Over the last couple of years, the China-policy debate in the US has begun to reflect more realism, with a growing number of voices recognizing China’s ambition to supplant its American benefactor as the leading global superpower. But is it too late to rein in America's main geopolitical rival? A long-overdue shift in America’s China policy is underway. After decades of “constructive engagement” – an approach that has facilitated China’s rise, even as the country has violated international rules and norms – the United States is now seeking active and concrete counter-measures. But is it too late to rein in a country that has emerged, with US help, as America’s main geopolitical rival?

Jamal Khashoggi Had Skin in the Game. The Crown Prince’s Cheerleaders Didn’t.


Over the past few weeks, Jamal Khashoggi has been valorized and cherished. In the aftermath of the dissident Saudi journalist’s murder, pundits writing on the Arab world and the wider region have remembered others who were even more outspoken and critical than he was. And they have been regarded as heroes, particularly those who have pushed for fundamental freedoms and rights, irrespective of whether such freedoms are ridden roughshod over by Saudis or Iranians, Emiratis or Qataris, Egyptians or Turks.


by Declan Walsh
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The Khashoggi crisis has called attention to a largely overlooked Saudi-led war in Yemen. On a rare trip to the front line, we found Yemenis fighting and dying in a war that has gone nowhere.

Go here for the NYT Multimedia presentation.


by Michael R. Gordon
Army chief of staff Gen. Ray Odierno issued the marching orders in the fall of 2013. Some of the Army’s brightest officers would draft an unvarnished history of its performance in the Iraq WarA towering officer who served 55 months in Iraq, Gen. Odierno told the team the Army hadn’t produced a proper study of its role in the Vietnam War and had to spend the first years in Iraq relearning lessons. This time, he said, the team would research before memories faded and publish a history while the lessons were most relevant. It would be unclassified, he said, to stimulate discussion about the intervention—one that deepened the U.S.’s Mideast role and cost more than 4,400 American lives. He arranged for 30,000 pages of documents to be declassified. For nearly three years, the team studied those papers and conducted more than 100 interviews.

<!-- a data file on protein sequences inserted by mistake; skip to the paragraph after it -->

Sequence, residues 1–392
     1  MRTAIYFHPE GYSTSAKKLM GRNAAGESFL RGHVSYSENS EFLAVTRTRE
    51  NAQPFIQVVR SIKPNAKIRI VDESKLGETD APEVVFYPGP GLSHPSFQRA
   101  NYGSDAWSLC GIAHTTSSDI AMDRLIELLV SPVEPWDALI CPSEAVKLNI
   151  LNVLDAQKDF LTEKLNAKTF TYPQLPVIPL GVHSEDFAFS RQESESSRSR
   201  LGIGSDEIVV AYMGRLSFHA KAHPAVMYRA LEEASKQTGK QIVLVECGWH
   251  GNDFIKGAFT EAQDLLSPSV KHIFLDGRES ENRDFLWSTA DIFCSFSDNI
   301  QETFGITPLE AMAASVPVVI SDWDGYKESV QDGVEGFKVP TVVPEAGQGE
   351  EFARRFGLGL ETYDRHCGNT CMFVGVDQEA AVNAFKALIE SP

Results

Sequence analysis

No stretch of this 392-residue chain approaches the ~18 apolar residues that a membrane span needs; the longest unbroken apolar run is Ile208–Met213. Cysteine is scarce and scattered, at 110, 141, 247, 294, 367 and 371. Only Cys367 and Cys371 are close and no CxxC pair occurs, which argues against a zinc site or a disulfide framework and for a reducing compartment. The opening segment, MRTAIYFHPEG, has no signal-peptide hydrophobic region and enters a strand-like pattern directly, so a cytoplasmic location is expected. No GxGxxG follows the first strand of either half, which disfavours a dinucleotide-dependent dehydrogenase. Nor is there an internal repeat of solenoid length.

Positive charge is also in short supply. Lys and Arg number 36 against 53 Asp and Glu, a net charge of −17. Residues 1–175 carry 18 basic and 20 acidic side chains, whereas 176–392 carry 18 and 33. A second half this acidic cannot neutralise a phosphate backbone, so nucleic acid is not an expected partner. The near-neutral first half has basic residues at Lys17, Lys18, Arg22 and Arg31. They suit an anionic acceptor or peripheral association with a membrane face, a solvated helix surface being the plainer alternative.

The Khashoggi Tragedy and U.S. Strategic Interests in the Gulf: Finding the Right Solution

By Anthony H. Cordesman

It is hard to think of a more pointless tragedy than the Saudi murder of Jamal Khashoggi. Killing a decent man for making legitimate criticisms and justifiable calls for reform has wasted a meaningful life for no apparent reason and has done immense harm to U.S. and Saudi relations in the process. It has deeply compromised U.S. faith in Saudi Arabia's leadership in the worst possible way, and it threatens to divide the U.S. and Saudi Arabia at time when both nations need to improve their strategic cooperation to bring stability to the Gulf region and deal with Iran. At this point, there is no way to avoid a long and painful effort to determine all the facts surrounding Khashoggi's death and establish the level of responsibility for all of the Saudis involved. Anything approaching a cover-up will simply create a climate of suspicion and distrust that will last for years. It is one thing to try to ignore some of the details in a failed operation against a violent terrorist or a hostile intelligence operative, but there is no way to make people forget what must be one of the most stupid and cruel intelligence blunders on record.

Trump’s Plan to Leave a Major Arms Treaty With Russia Might Actually Be About China


President Donald Trump’s proposal to pull out of a major U.S. arms control agreement with Russia is not just about Moscow, or nuclear weapons. The move also clears a path to boost America’s conventional forces in China’s backyard, according to arms control experts as well as current and former administration officials.